author = "Maurizio Cellura and Sonia Longo and Francesco Guarino and Giovanni Tumminia",
year = "2018",
language = "English",
volume = "45",
pages = "46--65",
journal = "Energy for Sustainable Development",
issn = "0973-0826",
publisher = "Elsevier",

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TY - JOUR

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AU - Cellura, Maurizio

AU - Longo, Sonia

AU - Guarino, Francesco

AU - Tumminia, Giovanni

PY - 2018

Y1 - 2018

N2 - The building sector is one of the most relevant sectors in terms of generation of wealth and occupation, but it is also one of the main contributor to energy use and greenhouse gas emissions (e.g. at the European level it is currently responsible for 36% of CO2emissions). For these reason this sector must play a key role in achieving a low-carbon economy consistent with the objective of holding the increase of the average temperature of the globe below 2 °C if compared to pre-industrial levels. In this context, the paper analyses the potential impact of climate change on the energy uses for heating and cooling in southern Europe, based on the assumptions of the latest Intergovernmental Panel on Climate Change (IPCC) future climate projections (assessment report 5). Different General Circulation Models (GCMs) were analysed using different metrics for selecting the most suitable one to be applied to building simulation. GCM data were used as input to a downscaling method known as “morphing” to generate hourly weather files for 3 future time projections (2035, 2065 and 2090). Finally, in order to assess the building energy use for heating and cooling for the next century, energy simulations for a case study were performed. The results show, in all scenarios, consistent and large increases in future air temperature. The impacts of these driving forces on heating and cooling energy use are very relevant: the results show an overall increase in total energy consumption with a relative decrease in heating demand and increase in cooling demand: the yearly heating and cooling energy requirement in 2090 is expected to increase in a range of +50.8–119.7% if measures are not foreseen to counter and limit the effects of climate change.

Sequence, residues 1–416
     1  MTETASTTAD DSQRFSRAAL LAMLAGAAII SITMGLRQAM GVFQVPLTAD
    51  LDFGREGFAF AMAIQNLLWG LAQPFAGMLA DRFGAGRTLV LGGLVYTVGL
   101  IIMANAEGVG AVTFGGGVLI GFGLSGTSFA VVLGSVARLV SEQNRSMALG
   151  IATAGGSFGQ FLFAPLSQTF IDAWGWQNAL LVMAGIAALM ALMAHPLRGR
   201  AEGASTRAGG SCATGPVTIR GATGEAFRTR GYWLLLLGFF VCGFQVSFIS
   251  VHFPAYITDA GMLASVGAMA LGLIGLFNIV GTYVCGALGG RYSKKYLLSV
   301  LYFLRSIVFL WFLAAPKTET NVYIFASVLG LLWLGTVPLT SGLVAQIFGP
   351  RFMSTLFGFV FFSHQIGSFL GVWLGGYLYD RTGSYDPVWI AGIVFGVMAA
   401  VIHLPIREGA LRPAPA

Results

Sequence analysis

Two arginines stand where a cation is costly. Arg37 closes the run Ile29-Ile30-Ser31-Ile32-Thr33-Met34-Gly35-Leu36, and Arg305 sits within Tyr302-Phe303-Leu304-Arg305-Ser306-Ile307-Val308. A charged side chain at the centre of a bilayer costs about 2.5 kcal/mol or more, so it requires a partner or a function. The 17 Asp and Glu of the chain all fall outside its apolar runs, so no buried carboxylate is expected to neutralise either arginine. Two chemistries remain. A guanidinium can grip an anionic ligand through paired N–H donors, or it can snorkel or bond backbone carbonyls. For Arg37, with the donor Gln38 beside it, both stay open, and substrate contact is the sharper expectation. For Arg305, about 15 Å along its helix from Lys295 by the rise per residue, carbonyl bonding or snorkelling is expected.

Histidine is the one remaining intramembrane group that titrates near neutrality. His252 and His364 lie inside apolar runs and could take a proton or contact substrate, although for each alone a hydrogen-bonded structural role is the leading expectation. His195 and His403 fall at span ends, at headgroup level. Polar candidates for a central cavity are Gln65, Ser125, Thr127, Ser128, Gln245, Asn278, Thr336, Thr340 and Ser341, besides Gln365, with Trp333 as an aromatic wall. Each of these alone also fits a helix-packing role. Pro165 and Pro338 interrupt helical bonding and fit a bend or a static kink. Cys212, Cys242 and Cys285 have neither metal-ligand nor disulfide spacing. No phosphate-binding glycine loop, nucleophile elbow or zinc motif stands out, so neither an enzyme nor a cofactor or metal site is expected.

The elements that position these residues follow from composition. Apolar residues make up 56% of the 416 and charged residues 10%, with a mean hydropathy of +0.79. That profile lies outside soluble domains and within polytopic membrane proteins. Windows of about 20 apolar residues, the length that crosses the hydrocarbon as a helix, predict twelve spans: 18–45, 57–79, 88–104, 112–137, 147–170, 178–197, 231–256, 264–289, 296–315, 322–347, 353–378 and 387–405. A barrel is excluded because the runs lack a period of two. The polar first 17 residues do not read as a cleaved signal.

AB - The building sector is one of the most relevant sectors in terms of generation of wealth and occupation, but it is also one of the main contributor to energy use and greenhouse gas emissions (e.g. at the European level it is currently responsible for 36% of CO2emissions). For these reason this sector must play a key role in achieving a low-carbon economy consistent with the objective of holding the increase of the average temperature of the globe below 2 °C if compared to pre-industrial levels. In this context, the paper analyses the potential impact of climate change on the energy uses for heating and cooling in southern Europe, based on the assumptions of the latest Intergovernmental Panel on Climate Change (IPCC) future climate projections (assessment report 5). Different General Circulation Models (GCMs) were analysed using different metrics for selecting the most suitable one to be applied to building simulation. GCM data were used as input to a downscaling method known as “morphing” to generate hourly weather files for 3 future time projections (2035, 2065 and 2090). Finally, in order to assess the building energy use for heating and cooling for the next century, energy simulations for a case study were performed. The results show, in all scenarios, consistent and large increases in future air temperature. The impacts of these driving forces on heating and cooling energy use are very relevant: the results show an overall increase in total energy consumption with a relative decrease in heating demand and increase in cooling demand: the yearly heating and cooling energy requirement in 2090 is expected to increase in a range of +50.8–119.7% if measures are not foreseen to counter and limit the effects of climate change.